Whispers were already beginning to spread among the photographers – not that you could hear them over the howl of BDA goodness revolving 10,000 times every minute.
Each turned to their mate, and they arrived at the same conclusion. Nobody had seen a Ford Escort Mk2 being driven this quickly before.
The biennial Roger Albert Clark Rally is, unofficially, a celebration of the gorgeous creation Boreham gave the rallying world. UK rally drivers love an Escort, and in this historic event they’re front and center of it all.
The widespread popularity of the Mk2 can create frustration among the loyal spectators braving the cold and the rain up on the stage-side banks. But not this Escort. Because this Escort was being driven by Oliver Solberg.
Tuesday was a hugely important day for the 22-year-old. With just over two weeks before the start of the five-day, 350-mile RAC Rally, these were important miles for the Swede to get accustomed to his father’s steed. That’s right – Petter has loaned his Mk2 to Oliver for this mammoth event.
The venue of choice? Sweet Lamb. An iconic venue for tests, and one that’ll handily feature in the rally at the end of the month.
“First run, amazing – amazing feeling straight away,” Solberg beamed. “And I really found a good rhythm.
“I was a bit surprised. But no power-steering was lighter than I thought. And amazing – big slides and proper noise. 10,700rpm you know, rev the s*** out of the car, and enjoy.
“You have proper revs, you feel it through your ass, you know, into the body. It was amazing!”
From the very first run, Solberg was on it. Fully committed as if he was driving a World Rally Championship powerstage. It can be easy to forget just how supremely talented the world’s best rally drivers are until you see them out of their natural habitat. The speed they can achieve straight out of the box is sublime.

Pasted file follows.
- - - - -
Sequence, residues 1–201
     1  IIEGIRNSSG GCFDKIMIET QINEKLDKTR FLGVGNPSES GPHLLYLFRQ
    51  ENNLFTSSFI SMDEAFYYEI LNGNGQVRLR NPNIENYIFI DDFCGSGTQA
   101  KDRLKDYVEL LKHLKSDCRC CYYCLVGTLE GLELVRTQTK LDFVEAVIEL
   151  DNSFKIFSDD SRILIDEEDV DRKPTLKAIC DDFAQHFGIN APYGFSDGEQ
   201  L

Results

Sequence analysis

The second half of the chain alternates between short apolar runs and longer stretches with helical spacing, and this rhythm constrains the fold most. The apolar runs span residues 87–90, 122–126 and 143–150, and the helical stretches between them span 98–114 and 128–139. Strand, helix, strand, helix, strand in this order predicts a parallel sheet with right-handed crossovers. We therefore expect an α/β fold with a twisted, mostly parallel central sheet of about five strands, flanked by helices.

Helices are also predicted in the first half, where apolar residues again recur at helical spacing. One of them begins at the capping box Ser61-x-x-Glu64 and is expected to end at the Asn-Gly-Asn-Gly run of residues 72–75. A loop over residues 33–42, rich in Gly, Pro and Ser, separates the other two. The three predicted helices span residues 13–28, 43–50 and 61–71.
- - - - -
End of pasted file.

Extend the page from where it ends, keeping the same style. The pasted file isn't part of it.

From around 1pm to well after dark, Solberg was pounding round the facility to get his eye in for what he’ll face. Not wishing to miss out on the fun, Petter came out with him and drove some runs himself – and was extremely keen to compare his onboards with his son!
The family aspect is important to Solberg, but for once not necessarily because of his father who, just two days after the test, celebrated 20 years since his WRC title success.
“You know, the main reason why I actually do it is because my grandfather did it in 1976 with the Stratos,” Oliver said.
“Unfortunately, my grandfather has Alzheimer’s now and he can’t remember anything except if you ask him from that time. So I thought that’s a nice thing – it’s cool to remember something together.
“You know, I’ve done it, he remembers the rally like yesterday. So it’s an emotional memory, but a nice memory.”
It’s a truly heart-warming tale, but there’ll be no time for sentiment when Solberg begins the longest event of his career so far on Thursday November 23.
From what we have seen, he’s more than ready.
DirtFish videographer was at the test, filming for a video that will be available on DirtFish’s YouTube channel very soon.
“I had a great day and tests are a great opportunity to get to know these crazy drivers, and the Solbergs are the most accommodating of all rally families,” Eliot said.
“Seeing Petter and Oliver head over to the laptop in between runs and react with joy to what you have just shot is great, but it’s instantly followed by a discussion about car setup, and why the car is acting how it is in the video.
“No stone was left unturned, unless it was flung towards my camera lenses!
“If Oliver knows any camera cleaning techniques then he should let me know, because you’ll see he wasn’t shy in chucking mud everywhere.
“These stills don’t do Oliver’s commitment justice – for that you’ll have to keep an eye out for the full video.”
As for Oliver himself?
“Honestly… I don’t know what I’ve gotten myself into,” he laughed, “but a hell of an adventure anyway!”